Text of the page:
"Instead of killing a tree by chopping it down, this approach focuses on cutting off the diseased branch, leaving the rest of the tree relatively unscathed," says Betsy Barnes, Ph.D., assistant professor of oncology and lead researcher.
By itself, interferon's cell-killing activity is non-specific in targeting a variety of cells and cell-based gene activity, causing serious side effects such as heart failure and low blood counts, in addition to killing cancer cells. But in an August 15 issue of Cancer Research, the Kimmel Cancer Center scientists found one factor in interferon's makeup that could have cancer-killing qualities, but with fewer side effects since it activates fewer genes.
Specifically, the team found that IRF5 (Interferon Regulatory Factor-5), which works as a tumor suppressor to halt cancer cell growth, is turned off by many cancers, but low levels of the suppressor protein are found in most colon cancers. That led Hopkins' Barnes and her team to pursue its potential.
The first thing they found is that although interferon boosts IRF5 protein levels in colon cancer cells, it does not raise it enough to kill the cells. To boost IRF5 levels, the investigators combined interferon with a chemotherapy drug called irinotecan (CPT-11), a drug that damages DNA in rapidly dividing cells, rendering them unable to divide.
"We believe that interferon and irinotecan both work to increase IRF5 protein levels, but irinotecan activates the protein in the final step to initiate cancer cell death," says Barnes.
To demonstrate their theory that IRF5 is a key ingredient in the dual-drug therapy, the scientists tested various combinations of the drugs in colon cancer cell lines, with or without IRF5. Irinotecan alone causes 65 percent cell death in lines with IRF5 proteins present. Knock out IRF5 proteins and cell deaths drop to 37 percent. When the investigators combined irinotecan and interferon, more than 80 percent of colon cancer cells with IRF5 proteins died. Only 28 percent of cells died in those lines with IRF5 proteins knocked out.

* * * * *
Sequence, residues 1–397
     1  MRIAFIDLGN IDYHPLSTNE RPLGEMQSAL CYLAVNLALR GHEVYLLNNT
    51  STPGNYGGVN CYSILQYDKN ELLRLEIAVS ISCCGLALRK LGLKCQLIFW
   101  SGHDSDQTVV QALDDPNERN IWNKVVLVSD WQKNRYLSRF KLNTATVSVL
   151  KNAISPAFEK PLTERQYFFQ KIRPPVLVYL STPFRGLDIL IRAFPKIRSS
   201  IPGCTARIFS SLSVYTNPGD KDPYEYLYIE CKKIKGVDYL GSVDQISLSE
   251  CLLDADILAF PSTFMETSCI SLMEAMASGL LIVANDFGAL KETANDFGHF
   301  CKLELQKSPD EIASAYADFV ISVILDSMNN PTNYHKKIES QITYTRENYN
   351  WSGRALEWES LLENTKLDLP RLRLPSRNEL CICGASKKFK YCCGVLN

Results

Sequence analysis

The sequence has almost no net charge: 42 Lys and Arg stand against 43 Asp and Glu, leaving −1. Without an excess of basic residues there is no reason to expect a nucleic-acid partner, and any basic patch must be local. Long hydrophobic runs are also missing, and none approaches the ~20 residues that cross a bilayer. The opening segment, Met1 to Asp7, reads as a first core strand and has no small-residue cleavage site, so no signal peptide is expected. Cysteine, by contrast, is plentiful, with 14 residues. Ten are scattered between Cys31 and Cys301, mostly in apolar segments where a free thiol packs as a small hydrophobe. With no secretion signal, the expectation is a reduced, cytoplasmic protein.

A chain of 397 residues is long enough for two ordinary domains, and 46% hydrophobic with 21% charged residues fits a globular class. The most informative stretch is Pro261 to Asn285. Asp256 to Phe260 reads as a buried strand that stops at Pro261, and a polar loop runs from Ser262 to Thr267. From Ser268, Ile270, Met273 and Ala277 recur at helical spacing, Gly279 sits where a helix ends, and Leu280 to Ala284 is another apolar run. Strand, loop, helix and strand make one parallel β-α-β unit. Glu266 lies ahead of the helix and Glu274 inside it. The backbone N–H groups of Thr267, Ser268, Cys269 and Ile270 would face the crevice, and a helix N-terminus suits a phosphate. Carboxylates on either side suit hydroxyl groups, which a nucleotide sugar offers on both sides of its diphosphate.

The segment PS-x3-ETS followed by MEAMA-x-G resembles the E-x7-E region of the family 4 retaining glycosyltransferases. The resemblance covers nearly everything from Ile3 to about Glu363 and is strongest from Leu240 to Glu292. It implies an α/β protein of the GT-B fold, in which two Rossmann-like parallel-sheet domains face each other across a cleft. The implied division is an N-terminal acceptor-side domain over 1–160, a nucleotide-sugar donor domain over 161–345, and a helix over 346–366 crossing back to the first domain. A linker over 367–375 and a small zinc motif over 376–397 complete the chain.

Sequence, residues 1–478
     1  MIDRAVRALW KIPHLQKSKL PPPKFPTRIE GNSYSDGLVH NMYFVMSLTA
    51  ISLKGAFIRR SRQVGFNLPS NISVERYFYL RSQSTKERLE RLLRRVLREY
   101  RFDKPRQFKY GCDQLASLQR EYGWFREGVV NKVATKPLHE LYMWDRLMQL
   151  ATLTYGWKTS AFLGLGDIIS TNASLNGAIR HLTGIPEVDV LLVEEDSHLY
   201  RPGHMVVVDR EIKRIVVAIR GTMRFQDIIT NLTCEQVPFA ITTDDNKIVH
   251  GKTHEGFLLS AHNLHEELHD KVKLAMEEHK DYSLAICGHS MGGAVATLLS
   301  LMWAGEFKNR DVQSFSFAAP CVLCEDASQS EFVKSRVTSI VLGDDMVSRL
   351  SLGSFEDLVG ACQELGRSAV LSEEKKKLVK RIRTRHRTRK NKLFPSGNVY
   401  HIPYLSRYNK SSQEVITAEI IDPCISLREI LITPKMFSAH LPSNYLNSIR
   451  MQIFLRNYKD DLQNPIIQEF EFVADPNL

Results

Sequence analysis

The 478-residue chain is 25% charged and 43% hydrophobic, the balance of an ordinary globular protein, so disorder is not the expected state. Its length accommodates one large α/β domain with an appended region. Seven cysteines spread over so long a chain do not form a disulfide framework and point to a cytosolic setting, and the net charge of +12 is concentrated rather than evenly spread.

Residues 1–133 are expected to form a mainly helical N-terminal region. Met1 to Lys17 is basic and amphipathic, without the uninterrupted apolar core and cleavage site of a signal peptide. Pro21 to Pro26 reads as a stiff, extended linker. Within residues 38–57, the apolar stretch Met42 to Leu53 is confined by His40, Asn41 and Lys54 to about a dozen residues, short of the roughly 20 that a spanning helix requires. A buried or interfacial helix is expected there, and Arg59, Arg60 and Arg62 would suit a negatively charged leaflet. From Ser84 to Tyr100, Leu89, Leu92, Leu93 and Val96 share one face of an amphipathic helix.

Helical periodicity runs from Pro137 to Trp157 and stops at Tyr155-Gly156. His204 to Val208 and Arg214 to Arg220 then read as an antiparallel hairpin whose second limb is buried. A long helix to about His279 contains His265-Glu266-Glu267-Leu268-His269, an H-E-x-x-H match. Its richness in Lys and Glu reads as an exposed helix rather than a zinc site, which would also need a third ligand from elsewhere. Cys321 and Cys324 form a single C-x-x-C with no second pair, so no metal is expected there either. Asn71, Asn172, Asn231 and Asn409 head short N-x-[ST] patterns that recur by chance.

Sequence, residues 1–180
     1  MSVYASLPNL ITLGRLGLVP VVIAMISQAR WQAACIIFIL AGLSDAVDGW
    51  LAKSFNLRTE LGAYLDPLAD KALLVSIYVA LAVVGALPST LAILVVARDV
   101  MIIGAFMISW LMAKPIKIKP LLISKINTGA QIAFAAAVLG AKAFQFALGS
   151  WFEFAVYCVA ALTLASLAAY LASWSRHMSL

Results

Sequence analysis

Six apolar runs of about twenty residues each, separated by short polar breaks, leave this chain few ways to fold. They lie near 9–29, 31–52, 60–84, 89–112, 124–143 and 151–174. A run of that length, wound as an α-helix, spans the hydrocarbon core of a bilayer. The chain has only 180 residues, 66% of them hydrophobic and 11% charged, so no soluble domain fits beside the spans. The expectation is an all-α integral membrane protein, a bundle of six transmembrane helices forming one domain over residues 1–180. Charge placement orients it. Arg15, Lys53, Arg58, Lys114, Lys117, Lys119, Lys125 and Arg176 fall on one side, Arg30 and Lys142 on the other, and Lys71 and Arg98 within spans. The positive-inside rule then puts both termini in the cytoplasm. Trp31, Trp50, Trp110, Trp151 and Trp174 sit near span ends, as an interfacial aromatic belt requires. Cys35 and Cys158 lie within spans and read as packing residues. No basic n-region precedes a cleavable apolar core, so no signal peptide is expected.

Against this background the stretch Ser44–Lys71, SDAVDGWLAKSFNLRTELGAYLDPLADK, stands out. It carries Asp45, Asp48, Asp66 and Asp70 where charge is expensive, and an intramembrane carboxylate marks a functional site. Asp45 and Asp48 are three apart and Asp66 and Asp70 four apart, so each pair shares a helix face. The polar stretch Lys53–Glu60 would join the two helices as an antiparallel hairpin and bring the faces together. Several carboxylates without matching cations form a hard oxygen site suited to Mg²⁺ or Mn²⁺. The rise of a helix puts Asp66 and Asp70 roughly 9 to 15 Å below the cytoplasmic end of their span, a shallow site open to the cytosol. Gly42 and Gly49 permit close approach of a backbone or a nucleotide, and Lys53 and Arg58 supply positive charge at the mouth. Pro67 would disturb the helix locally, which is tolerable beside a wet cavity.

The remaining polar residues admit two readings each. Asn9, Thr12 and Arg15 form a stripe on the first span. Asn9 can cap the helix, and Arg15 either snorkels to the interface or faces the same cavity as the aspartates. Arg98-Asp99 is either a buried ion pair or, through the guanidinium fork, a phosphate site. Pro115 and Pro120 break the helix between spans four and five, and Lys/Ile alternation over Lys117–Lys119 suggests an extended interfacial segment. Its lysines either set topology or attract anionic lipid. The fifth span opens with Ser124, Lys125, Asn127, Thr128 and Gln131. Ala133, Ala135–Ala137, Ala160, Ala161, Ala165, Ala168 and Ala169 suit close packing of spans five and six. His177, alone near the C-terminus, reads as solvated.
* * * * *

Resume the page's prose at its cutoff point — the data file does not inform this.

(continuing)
"Not only does the combination of these drugs involve fewer gene activations, it may allow use of smaller amounts of both drugs and limit side effects," says Barnes. She also believes that cancer cells may find it more difficult to build resistance to two different drugs, a common problem when using single agents.
Cancers lacking tumor suppressor genes and the proteins they make are often difficult to treat because cells are unable to put the brake on abnormal growth. Her study indicates that IRF5 applies the brakes even in the absence of other tumor suppressor genes.
It is not clear whether the combination therapy would work in other cancers, since IRF5 is absent in a number of blood cancers. But since colon cancer is the third deadliest cancer in the United States, Barnes and her team will conduct further tests in genetically modified mice and potentially create a new strategy to treat the disease.
Colon cancer strikes more than 100,000 people in the United States annually and kills more than 56,000.
Funding for this research was provided by the American Cancer Society and a Flight Attendant Medical Research Institute Young Clinical Scientist Award.
Barnes' research team on this study included Guodong Hu and Margo E. Mancl from Johns Hopkins.
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